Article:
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Bullish engulfing like pattern on the EUR/USD daily just above the 200-day EMA relieves some short-term downside pressure. Clear break below yesterday’s 1.1980 low and 1.1950 200-day EMA now required to negate bullish implications of the reversal pattern and re-instill fading downside initiative. Even if this is to occur, downside follow through could be limited as the 200-day SMA (1.1900) and 50% fibo from the Sep - Feb bull wave (1.1850) await 100-points below. We see some scope for a potential earlier than expected EUR/USD up move but resistance at the 10-day SMA would need to give for this to become more of a viable scenario. Until then, the path of least resistance is still lower. A sharp move in USD/JPY yesterday as weak hand shorts were squeezed out of the market. The resulting tail reversal off the medium-term significant 50-day EMA now favors a resumption of the long-term downtrend. Break below yesterday’s 104.90 low required to confirm. Another close above 105.00 would change the picture but only a clear break above the 107.40 100-day SMA turns the outlook bullish. A strong showing from GBP/USD yesterday as aggressive shorts were forced to cover on the move back through the 50-day EMA. Shaven head swing low on the daily favors more upside and a test of the high-end of the recent range. A break of the 1.8550 50-day SMA is our key short-term pivot. Head & Shoulders pattern remains a medium-term overhang but not a real concern (for now) as we are still over 4-big figures from the potential neckline. Progression of higher lows over the past month puts into question the validity of the pattern but a break above the 1.8600 handle with follow through is required to completely negate the pattern’s implications. USD/CHF’s failure just shy of the 200-day SMA sets up a potential double top on the daily. While it is far too early to turn bearish, the potential ominous reversal pattern does make us doubt the strength of the recent uptrend. Immediate support is expected around the 10-day SMA, with only a break below setting up more downside. Breach of long-term resistance at the 1.3100 200-day SMA now required to re-instill upside momentum.
Monday, April 05, 2004
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Euro - Where are We Headed Next?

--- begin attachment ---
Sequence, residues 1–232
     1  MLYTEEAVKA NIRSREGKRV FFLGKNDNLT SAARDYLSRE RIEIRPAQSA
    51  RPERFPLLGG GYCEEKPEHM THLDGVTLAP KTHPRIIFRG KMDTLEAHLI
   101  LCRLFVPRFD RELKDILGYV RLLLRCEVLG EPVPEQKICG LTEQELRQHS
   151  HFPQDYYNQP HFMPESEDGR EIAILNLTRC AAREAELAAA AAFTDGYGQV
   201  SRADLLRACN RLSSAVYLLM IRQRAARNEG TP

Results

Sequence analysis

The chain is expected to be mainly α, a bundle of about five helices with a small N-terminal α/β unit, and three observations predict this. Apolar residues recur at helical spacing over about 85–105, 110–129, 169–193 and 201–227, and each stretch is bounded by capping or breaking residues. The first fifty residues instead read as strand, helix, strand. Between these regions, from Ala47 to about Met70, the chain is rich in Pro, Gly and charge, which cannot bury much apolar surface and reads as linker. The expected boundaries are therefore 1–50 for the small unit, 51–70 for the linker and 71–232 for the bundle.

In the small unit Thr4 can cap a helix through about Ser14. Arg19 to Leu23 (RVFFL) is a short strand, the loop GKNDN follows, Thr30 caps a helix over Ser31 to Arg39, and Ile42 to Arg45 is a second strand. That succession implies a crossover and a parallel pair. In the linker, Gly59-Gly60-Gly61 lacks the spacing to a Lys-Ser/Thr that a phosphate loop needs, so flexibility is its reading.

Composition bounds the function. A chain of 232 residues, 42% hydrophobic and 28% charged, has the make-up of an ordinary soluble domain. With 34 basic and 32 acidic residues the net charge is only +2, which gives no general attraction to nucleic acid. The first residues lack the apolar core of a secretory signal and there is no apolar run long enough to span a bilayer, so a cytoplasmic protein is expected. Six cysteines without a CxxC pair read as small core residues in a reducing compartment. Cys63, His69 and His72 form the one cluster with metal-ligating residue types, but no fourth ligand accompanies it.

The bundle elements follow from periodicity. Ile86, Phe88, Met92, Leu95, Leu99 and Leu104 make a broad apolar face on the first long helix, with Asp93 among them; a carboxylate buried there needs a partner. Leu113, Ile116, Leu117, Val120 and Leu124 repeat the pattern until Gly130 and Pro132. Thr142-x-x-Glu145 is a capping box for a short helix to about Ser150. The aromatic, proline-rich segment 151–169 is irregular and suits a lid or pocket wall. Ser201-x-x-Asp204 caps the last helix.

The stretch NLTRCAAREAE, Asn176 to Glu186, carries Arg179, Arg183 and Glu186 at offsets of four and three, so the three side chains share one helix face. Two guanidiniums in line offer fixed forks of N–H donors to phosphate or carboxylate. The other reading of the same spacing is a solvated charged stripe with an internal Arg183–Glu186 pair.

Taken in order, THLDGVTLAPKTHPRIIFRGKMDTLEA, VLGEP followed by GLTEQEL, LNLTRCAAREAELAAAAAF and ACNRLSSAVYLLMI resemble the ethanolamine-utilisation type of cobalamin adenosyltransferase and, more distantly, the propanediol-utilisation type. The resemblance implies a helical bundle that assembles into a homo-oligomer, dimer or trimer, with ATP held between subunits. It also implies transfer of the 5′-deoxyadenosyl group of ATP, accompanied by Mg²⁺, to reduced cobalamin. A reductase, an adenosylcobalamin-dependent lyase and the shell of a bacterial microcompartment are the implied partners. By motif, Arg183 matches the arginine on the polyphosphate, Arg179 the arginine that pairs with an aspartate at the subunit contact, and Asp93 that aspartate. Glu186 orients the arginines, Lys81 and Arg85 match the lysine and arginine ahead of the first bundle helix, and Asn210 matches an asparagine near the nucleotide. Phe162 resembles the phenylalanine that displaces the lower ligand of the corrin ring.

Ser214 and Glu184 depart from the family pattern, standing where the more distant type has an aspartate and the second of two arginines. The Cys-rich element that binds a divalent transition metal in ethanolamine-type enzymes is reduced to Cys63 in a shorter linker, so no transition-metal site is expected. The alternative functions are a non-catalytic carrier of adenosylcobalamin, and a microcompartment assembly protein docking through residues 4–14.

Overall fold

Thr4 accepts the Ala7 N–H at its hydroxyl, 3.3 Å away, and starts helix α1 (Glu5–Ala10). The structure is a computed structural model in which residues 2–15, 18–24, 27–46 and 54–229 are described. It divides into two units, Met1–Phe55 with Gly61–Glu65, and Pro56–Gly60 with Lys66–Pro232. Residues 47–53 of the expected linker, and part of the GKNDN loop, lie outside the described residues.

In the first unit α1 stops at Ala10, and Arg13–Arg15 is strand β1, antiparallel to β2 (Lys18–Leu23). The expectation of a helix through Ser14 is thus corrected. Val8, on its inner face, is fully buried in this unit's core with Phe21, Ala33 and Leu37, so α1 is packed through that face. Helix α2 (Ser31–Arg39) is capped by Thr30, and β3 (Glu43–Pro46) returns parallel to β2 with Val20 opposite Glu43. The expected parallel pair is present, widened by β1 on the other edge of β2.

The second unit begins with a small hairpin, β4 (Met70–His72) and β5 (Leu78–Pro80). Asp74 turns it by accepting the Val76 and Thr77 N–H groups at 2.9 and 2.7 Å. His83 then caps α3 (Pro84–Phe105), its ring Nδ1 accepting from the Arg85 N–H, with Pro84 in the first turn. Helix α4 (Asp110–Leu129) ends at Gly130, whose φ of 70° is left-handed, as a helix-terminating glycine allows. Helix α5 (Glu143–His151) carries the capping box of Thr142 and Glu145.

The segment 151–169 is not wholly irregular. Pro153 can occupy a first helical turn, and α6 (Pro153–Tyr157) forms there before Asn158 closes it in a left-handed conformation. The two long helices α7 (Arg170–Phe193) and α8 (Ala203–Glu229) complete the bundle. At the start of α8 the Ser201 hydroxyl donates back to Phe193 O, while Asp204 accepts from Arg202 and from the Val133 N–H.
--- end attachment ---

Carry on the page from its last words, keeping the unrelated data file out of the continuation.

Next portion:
Published Date: April 5, 2004
With the euro tumbling close to 7% from its all-time highs in the past 7 weeks, it is once again time to publish another article in our Euro - Where Can It Go? series. The tables have turned and the market is becoming increasingly bullish on both the US economy and the US dollar. The euro is now flirting with the 1.20 level, which leads us to question whether we will see 1.15 before 1.25 or the reverse. There are two primary reasons to explain the euro’s recent move. First, the US has finally delivered what the market has been anxiously waiting for, which is evidence that the labor market is finally turning up. On the other hand, the Eurozone’s largest economies have been struggling to grow after rising from recessionary conditions last year, spurring widespread speculation that the ECB will be easing monetary policy over the next few months.
ECB signals the possibility of a rate cut
Unlike the Fed, the ECB prefers to prepare the market for any intended changes in monetary policy and uses its words to steer their currency. As a “say it as it is” central banker, ECB President Trichet’s comments has a history of moving markets. If you recall, it was his warning that the ECB is “not indifferent” to the brutal moves in the euro back in January that sent the pair tumbling 600 pips in under a week. His more recent warnings that should consumption fail to pick up, the ECB could change monetary policy, has intensified speculation about a rate hike. Although the ECB left interest rates unchanged at 2% on April 1st and Trichet’s comments at the accompanying press conference were more hawkish than the market had anticipated, an interesting change in the statement as well as diverging comments from Trichet this weekend suggests that the ECB’s next move will be a reduction in rates.